Whether you’ve never used a dog harness before or are considering trying out a new style, it’s easy to get tangled up in the process. With every new style there is a different set of benefits that vary from training to comfort purposes. There are also unique guidelines and different ways to put on the many styles of harness. Fortunately, there are a few easy ways to find out which harness is best for you and how to properly put it on your dog.
Why Your Dog Might Need a Dog Harness
A pet parent might consider getting a harness over a collar for different reasons. “Certain dogs who have medical conditions like megaesophagus (an enlarged esophagus) or a neck injury are better off with a harness because it won’t put any pressure on the neck,” said Ashley Atkinson, CPDT-KA and behavior consultant at Best Friends Animal Sanctuary.
You may also consider a harness to help train your dog to not pull or jump. Harnesses are a less severe option when compared to pinch or chain collars as training methods.
Types of Dog Harnesses
Collars are pretty straight forward, but the harnesses can become overwhelming fast. “There are quite a few different types of harnesses on the market today,” said Annie Angell, CPDT-KA and co-owner of My Two Dogs. The options may look like a bunch of strings and clips, but there is more to it, as each type of harness will have a slightly different style and fit, Atkinson said. Here are the most common options available :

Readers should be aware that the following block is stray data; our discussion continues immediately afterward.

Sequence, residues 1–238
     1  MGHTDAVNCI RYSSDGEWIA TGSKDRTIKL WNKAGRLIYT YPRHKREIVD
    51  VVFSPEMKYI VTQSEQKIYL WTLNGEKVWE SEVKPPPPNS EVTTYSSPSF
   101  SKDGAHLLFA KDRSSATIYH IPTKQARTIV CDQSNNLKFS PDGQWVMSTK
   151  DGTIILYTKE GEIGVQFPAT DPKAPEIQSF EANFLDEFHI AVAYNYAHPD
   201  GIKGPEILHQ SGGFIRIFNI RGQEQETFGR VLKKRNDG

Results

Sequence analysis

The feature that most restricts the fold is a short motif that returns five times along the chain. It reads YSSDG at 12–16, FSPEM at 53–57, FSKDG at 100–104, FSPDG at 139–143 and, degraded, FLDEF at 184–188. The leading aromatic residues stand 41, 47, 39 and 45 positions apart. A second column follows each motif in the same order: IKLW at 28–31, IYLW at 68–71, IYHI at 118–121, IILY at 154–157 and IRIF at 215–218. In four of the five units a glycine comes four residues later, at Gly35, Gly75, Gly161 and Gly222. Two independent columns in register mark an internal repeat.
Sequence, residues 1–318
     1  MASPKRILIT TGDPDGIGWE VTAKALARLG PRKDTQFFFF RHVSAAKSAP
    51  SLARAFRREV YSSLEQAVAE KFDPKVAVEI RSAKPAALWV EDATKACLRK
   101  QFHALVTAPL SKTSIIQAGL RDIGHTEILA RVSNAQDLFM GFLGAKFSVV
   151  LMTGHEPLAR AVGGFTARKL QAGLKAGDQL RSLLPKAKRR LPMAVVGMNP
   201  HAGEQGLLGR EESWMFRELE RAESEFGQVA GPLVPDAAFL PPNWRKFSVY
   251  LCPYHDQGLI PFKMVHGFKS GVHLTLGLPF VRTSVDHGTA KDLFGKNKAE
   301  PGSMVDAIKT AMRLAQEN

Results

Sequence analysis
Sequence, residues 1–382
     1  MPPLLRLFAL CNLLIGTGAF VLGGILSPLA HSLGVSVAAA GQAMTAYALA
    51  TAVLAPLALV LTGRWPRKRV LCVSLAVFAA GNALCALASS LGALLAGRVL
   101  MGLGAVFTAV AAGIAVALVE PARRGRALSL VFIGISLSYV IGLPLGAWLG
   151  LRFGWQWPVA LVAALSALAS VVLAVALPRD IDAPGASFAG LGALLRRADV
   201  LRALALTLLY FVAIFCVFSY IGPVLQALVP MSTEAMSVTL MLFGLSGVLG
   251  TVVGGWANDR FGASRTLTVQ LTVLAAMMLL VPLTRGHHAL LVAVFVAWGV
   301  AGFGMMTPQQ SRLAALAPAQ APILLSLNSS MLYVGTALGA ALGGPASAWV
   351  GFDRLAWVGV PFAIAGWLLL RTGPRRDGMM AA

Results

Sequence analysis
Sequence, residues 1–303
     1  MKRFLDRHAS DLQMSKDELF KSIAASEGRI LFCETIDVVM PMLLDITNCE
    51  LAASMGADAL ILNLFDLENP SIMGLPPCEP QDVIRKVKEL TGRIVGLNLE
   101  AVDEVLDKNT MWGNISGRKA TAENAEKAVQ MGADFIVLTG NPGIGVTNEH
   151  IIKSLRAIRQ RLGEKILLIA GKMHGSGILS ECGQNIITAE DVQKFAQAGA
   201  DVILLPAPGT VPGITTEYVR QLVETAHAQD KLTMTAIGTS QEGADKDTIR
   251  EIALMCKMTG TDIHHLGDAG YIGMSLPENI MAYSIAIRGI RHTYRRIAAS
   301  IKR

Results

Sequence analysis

this style is generally the easiest style for most dogs to adjust to. Back-clip harnesses are for calm dogs that are trained not to pull on the leash and are especially useful for small dogs with delicate throats that are easily irritated by collars.
Front-clip or Training Harness
this style has a leash attachment in front of the harness and should be in the center of your dog’s chest. Trainers often choose front-clip harnesses to help decrease the dog’s pulling on the leash. The chest clip will give better control over the direction that your dog is going and allows him to be redirected if needed.
Comfort Wrap or Step-in Harness
this style is typically designed to easily have your dog step into the harness and close on his back. Lay the harness on the ground, have him step in, pull the harness up and around his shoulders and then clip him in.
Soft or Vest Harness
this harness option is typically made of a mesh material that comes in a range of colors and patterns. The style will resemble a vest and may seem thicker and wider than other options. Some slip over the head and some can be stepped into.
like a training or front clip harness, this style is designed to help discourage your dog from pulling. The leash attachment ring will be at the center of your dog’s chest and harness will tighten and add pressure if the dog pulls (encouraging him to stay closer to you). Some styles also tighten around your dog’s leg area in addition to his chest.
these harnesses have an attachment that hooks into your vehicle’s seat belt and are perfect for the pet that enjoys going on car rides.
Dog Mobility Harness
this style is used for senior dogs or those with leg or spine injuries. The full body style is a dog lifting aid and is not used for everyday walks and outings like the other styles.
How to Put On a Dog Harness
Each style of harness has its own set of techniques to consider when putting it on your dog. Typically, the harness will either require your dog to step into it or you’ll have to slip it over your dog’s head and the have him step through the arm holes before you clip him in. With any style, it is important to get your dog used to how you put it on so that you both stay tangle-free.